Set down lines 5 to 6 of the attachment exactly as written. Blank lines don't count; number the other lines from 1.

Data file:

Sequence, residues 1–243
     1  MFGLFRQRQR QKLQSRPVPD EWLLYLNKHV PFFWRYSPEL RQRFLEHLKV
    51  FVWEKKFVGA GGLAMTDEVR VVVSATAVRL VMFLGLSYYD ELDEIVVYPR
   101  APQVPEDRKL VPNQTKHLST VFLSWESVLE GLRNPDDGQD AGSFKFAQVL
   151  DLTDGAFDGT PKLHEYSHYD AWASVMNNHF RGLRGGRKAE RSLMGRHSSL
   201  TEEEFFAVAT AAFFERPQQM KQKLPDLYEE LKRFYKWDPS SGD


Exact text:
   151  DLTDGAFDGT PKLHEYSHYD AWASVMNNHF RGLRGGRKAE RSLMGRHSSL
   201  TEEEFFAVAT AAFFERPQQM KQKLPDLYEE LKRFYKWDPS SGD